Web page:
When selling hand dryers, in addition to focusing on the individual benefits for specific markets, suppliers should discuss the overall decrease in maintenance and operating costs that hand dryers can provide to facility managers. From keeping the cost of paper towels low or nonexistent, to decreasing the resources needed to maintain restrooms, using hand dryers can be more beneficial than using a paper towel system, says Christopher Berl, founder of RestroomDirect in Huntersville, N.C.
Sectors in which hand dryers can be sold in volume, such as in the fast food industry, can also be lucrative. That does not mean that single proprietorships are not a good source of revenue, but selling a couple of hand dryers here and there can be more time-consuming, says Anthony DiCicco, owner of ProDryers in Livonia, Mich.
“Warehouses, factories, stadiums, anywhere where you are moving a lot of people through” are good sources of hand dryer sales, says Berl, adding that the facility manager of a high-traffic restroom will see their investment pay off quickly.
Hand dryers “are an upfront cost that takes away ongoing paper towel costs in one fell swoop,” Berl says.
Facility managers will face more upfront costs when buying and installing hand dryers when compared to paper towel dispensers. As a result, Berl says facilities that do not serve a lot of restroom users will see a longer return on investment.
“If you have 50 people a day using your restroom, you’re going to pay back that upfront cost in a year or less and, after that, it’s essentially free,” he says.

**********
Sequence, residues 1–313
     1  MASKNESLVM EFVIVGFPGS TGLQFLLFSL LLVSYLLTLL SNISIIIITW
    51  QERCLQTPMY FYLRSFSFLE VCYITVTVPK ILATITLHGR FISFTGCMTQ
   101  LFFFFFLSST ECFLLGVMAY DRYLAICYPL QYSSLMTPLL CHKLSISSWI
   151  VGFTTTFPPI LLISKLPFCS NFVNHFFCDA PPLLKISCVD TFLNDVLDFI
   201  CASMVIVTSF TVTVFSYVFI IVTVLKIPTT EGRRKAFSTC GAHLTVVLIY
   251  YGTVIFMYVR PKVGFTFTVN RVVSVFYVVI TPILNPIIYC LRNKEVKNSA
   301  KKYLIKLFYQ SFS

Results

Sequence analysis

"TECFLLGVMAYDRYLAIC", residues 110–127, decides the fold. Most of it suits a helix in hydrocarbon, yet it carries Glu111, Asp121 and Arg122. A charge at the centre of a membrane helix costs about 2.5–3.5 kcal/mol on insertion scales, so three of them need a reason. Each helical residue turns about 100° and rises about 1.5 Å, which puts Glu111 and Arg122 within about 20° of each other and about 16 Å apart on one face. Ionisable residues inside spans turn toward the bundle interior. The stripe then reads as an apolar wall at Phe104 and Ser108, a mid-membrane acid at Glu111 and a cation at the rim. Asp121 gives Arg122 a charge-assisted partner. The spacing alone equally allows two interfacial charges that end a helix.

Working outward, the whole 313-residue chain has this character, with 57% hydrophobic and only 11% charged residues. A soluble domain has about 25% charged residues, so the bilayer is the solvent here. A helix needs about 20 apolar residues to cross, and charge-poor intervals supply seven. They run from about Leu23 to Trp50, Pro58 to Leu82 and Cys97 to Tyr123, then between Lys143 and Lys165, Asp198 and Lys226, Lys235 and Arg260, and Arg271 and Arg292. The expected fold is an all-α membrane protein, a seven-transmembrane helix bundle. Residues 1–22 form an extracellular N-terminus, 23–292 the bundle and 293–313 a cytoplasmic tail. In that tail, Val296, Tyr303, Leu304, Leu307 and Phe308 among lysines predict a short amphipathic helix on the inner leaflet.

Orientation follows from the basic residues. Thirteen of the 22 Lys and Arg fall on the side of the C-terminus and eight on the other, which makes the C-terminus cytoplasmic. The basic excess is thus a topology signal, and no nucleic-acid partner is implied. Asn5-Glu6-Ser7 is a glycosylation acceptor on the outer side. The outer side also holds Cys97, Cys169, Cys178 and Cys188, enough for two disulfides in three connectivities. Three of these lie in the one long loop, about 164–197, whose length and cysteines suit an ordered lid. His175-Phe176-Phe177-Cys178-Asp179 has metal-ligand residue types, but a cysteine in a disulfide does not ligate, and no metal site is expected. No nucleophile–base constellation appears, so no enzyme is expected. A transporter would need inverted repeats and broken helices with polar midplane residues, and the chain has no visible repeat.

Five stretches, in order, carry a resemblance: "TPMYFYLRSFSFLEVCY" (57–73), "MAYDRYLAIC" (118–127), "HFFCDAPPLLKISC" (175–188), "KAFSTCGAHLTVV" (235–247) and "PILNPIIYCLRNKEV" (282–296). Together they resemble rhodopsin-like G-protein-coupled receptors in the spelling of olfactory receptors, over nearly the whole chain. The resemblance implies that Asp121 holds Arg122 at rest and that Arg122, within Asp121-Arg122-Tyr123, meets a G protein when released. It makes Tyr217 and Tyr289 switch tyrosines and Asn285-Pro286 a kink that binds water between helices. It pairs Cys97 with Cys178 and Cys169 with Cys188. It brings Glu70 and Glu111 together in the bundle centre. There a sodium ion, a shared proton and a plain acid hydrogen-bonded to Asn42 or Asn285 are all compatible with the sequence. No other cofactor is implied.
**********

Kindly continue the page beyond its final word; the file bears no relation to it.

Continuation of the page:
Despite the benefits derived from hand dryers, many consumers still favor paper towels. This makes hand dryers a tougher sell in consumer-driven markets compared to businesses such as factories, government buildings and office spaces.
“As a business owner, when you are building your restrooms, it depends on your target, but you want to capture and satisfy them all,” says DiCicco, who recommends a small exit towel system by the door of the restaurant to any client that may be unsure of the user perception of hand dryers.
“You have the best of both worlds” in that case, he adds.
Tapping into the emerging hand-dryer markets depends heavily on having the right organizational support structure behind the sales team, DiCicco says. This includes having a fundamental understanding of the needs of each sector, as well as a strong commitment to customer service.
“With hand dryers, there is going to be a lot of customer service issues,” DiCicco says. “You have to educate the users before they buy.”
Brendan O’Brien is a freelancer based in Greenfield, Wis.
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POSTED ON: 4/24/2013